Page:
Disaster Area are generally represented as not only the loudest rock band in all of time and space, but "in fact the loudest noise of any kind at all." No small claim to live up to, but when you've destroyed not merely lives, or cultures, or civilizations, but actual planets with your performance, I suppose that you can strut about a bit.

. . .

Afficianados of the band report that optimum listening pleasure is to be dervied from deep inside large concrete bunkers, at an optimum distance from the massive stage of thirty-seven miles. Some have reportedly set up closer, but no reliable witnesses have ever been found.

And these Michigan Tech students are just the guys to set up their Marshall column:

Seeking to becoming kings of university's annual snow statue building contest, a few zany students crafted a monstrous snow horn, fully equipped with tweeters, mid-range drivers, and subwoofers. The horn was unfortunately disqualified from the competition due to using "materials other than snow," but how can you not hand over a gold medal to a team that braved the freezing cold in order to craft a 20,000-watt megaphone? You heard right, powering this immense array of drivers were nine Behringer EP2500s and a Crown XLS602, and while we've no way of confirming, we have every reason to believe that folks have "called to complain from miles away."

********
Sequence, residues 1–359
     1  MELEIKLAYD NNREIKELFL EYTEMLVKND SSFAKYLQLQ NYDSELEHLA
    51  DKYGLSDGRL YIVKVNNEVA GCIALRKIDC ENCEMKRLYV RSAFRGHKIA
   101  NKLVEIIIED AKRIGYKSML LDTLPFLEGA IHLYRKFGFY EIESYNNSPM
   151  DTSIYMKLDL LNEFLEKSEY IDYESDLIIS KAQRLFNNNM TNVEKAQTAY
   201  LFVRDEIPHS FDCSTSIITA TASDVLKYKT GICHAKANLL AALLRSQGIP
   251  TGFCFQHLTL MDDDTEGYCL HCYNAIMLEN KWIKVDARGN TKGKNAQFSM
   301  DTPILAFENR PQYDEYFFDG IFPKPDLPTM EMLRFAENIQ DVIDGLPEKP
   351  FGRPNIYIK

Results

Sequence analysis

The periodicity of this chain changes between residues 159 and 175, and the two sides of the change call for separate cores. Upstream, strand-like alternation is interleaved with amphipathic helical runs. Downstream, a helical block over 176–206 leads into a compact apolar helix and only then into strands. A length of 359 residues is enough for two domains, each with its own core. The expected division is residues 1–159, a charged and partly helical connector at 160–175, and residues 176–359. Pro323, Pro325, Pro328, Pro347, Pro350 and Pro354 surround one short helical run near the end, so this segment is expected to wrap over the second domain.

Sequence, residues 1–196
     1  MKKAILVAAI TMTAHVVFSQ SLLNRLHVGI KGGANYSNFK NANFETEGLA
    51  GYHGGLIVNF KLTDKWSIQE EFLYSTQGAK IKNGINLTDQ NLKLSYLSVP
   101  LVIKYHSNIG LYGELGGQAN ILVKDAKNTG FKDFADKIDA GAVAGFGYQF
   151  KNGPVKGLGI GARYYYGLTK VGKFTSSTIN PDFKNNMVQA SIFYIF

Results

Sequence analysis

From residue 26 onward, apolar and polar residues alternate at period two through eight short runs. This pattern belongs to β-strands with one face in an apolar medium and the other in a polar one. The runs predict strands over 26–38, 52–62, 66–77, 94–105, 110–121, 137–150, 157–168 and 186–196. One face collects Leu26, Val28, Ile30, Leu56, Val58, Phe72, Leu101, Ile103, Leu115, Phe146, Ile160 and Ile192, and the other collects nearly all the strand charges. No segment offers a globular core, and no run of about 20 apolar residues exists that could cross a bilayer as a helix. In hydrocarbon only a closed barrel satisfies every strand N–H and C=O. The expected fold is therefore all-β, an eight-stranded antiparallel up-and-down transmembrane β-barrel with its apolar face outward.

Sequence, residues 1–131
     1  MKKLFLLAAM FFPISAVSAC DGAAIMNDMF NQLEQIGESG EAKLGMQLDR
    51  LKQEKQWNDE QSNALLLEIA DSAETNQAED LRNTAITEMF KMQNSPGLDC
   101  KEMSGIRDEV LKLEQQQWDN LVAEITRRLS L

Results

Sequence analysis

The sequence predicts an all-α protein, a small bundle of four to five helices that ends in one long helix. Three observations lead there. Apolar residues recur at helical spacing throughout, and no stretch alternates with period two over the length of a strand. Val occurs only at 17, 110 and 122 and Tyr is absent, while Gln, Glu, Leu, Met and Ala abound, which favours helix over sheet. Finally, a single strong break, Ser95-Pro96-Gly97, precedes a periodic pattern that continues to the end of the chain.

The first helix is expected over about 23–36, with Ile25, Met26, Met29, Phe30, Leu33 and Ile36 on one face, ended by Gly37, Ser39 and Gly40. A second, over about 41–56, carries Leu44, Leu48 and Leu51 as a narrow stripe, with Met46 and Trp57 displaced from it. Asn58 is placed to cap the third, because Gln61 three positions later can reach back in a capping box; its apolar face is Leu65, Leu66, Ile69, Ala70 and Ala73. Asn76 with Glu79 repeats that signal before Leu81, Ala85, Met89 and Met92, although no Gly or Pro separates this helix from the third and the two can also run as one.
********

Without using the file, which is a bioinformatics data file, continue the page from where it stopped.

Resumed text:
Life Imitates There's Something About Mary

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Presented without further comment - Bull sperm hair treatment:

A hairdresser is offering clients a new conditioning treatment made out of bull's semen.